Kukuwa Dance Workout: KonuguKukuwa Nuamah
Year Released: 2005
Categories: Floor Aerobics/Hi-Lo/Dance
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I’m reviewing this workout after previewing it once and doing it several times.
This video is labeled as Latino! Africano! Caribbeano! Kukuwa Dance Workout: Konungu, Vol. 1; it can also be found on the compilation Kukuwa Dance Workout DVD.
General workout breakdown: This approximately 55-60 min. dance workout combines elements from Latin, Caribbean, and African dances.
Kukuwa introduces 2-4 steps which are repeated, more or less, during the course of a song. Most steps have a fairly simple lower body move combined with movement in the torso and/or an interesting arm pattern. You repeat a step several times in a row and then move on to the next one, which is repeated several times in a row. At the start of the next song you learn new steps but never go back to the previous combos. So there isn’t really TIFTing (taking it from the top). One combo serves as a warm-up and another as a cool down, followed by a final merengue segment that you’re supposed to be able to take to the dance club.
Level: I’d recommend this to a beginner with some exercise and preferably a little dance experience through an intermediate / advanced. I consider myself at least a high intermediate in terms of floor aerobics, and this gets my heartrate up. Although I have a “boomsey,” I’m funk-impaired, despite (or perhaps because of) my experience with ballet, tap, jazz, and ballroom dancing. Still, I found this pretty easy to catch onto or at least fudge.
Class: two men and three women join Kukuwa for a diverse cast. One person will sometimes show lower impact modifications. (At the end of each song, the crew stops to high five each other. I kind of feel left out when they do it because they’re all really into the dances and having so much fun.)
Music: lively Latin-Caribbean instrumental music.
Set: a pool-side patio at a Caribbean resort. The sun comes and goes.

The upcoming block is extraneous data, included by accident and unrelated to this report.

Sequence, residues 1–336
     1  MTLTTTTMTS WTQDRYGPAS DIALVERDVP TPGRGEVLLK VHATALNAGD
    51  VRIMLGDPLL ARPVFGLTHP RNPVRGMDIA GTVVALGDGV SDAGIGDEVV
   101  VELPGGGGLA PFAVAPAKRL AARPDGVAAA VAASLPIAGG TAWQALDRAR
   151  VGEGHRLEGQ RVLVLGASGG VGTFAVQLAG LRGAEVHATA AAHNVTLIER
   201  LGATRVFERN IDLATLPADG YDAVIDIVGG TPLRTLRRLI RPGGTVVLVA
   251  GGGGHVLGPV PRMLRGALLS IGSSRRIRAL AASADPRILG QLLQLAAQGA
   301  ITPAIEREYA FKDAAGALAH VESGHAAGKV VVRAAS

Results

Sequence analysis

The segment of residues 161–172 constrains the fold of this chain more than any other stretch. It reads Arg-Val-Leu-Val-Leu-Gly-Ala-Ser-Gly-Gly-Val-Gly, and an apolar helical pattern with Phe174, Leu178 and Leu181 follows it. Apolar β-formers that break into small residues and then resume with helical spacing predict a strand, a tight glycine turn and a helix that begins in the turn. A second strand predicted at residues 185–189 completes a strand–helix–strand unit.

Production: decent picture, clear sound. There are several camera angles focusing on someone’s upper body while a new lower body move is introduced, particularly at the beginning; there is also at least one shot where the camera focuses on a background exerciser while Kukuwa introduces a new layer.
Equipment: You’ll probably want shoes (make sure you can pivot), especially if you don’t have a cushioned workout space.
Space Requirements: Ideally you should be able to take at least two or three decent-sized steps front, back, and to each side; but you might be able to adapt it if you have only enough space for one or two big steps in each direction.
DVD Notes: I have the original release, with each dance on a separate DVD. This particular DVD is chaptered by song - more or less.
Comments: I like these in spite of myself. I know I look silly doing these, but somehow I don’t really care that much. (The first few times I tried these, however, I was afraid I might invoke evil spirits by doing the wrong moves. I swear, I’m not responsible for the bird flu!) Of all of the cardio dance workouts I’ve tried (Veena & Neena’s belly-dancing, Quick Fix Cardio Hip Hop, the cardio segments from New York City Ballet 2 and Ballet Boot Camps, Zumbando with Special K), Kukuwa’s workouts are the most intense for me, right up with or perhaps even a smidge more than Chantal Pierrat’s Soul Sweat, perhaps because they’re the most different from anything else I normally do.
I’ve heard Kukuwa’s workouts billed as low impact, and if you know how to modify you could make it that. There are a few little hops, cha chas, etc., however. Also, there are a number of quarter and half pivots. Personally I usually just stay front and center for most of those moves, especially if the pivot happens during the course of the move itself. I don’t care much for the moves where you throw your head back, so I just keep mine forward.
Kukuwa is a bundle of energy and enthusiasm. Normally that much energy and enthusiasm would be too much for me, but for some reason I don’t mind Kukuwa. She doesn’t pause to break down the moves much nor does she cue a great deal, so you need to be able to learn by watching (and, due to the camera angles in a few spots, guessing or improvising). The upside of that is that there’s little pressure to do it “exactly right”; I felt free to do my own thing if I don’t quite get it or aren’t able to shake my hips quite like she does. I do like that she tends to group the dances together by area of origin and tells you where they’re coming from.
I tried Konugu (the 60-minute one) and figured I'd use my rebounder for the high impact parts. I followed the first two sections fairly well. Then it became too hard to follow the steps. Kukuwa’s cueing is not stellar, even though the moves are relatively simple and repetitive. I didn’t have much luck translating the moves to the rebounder. (Did I mention that I am challenged at translating non-rebounder videos to the rebounder?)
I did find that my knees were sore the next day after the Kukuwa workouts. I avoided the pivots, but something in the moves aggravated them.
I would recommend these workouts, even though I can’t do them. Just realize that they may be hard to follow if you are as challenged as I. The music is great and Kukuwa is vivacious and inspiring.
Please see review.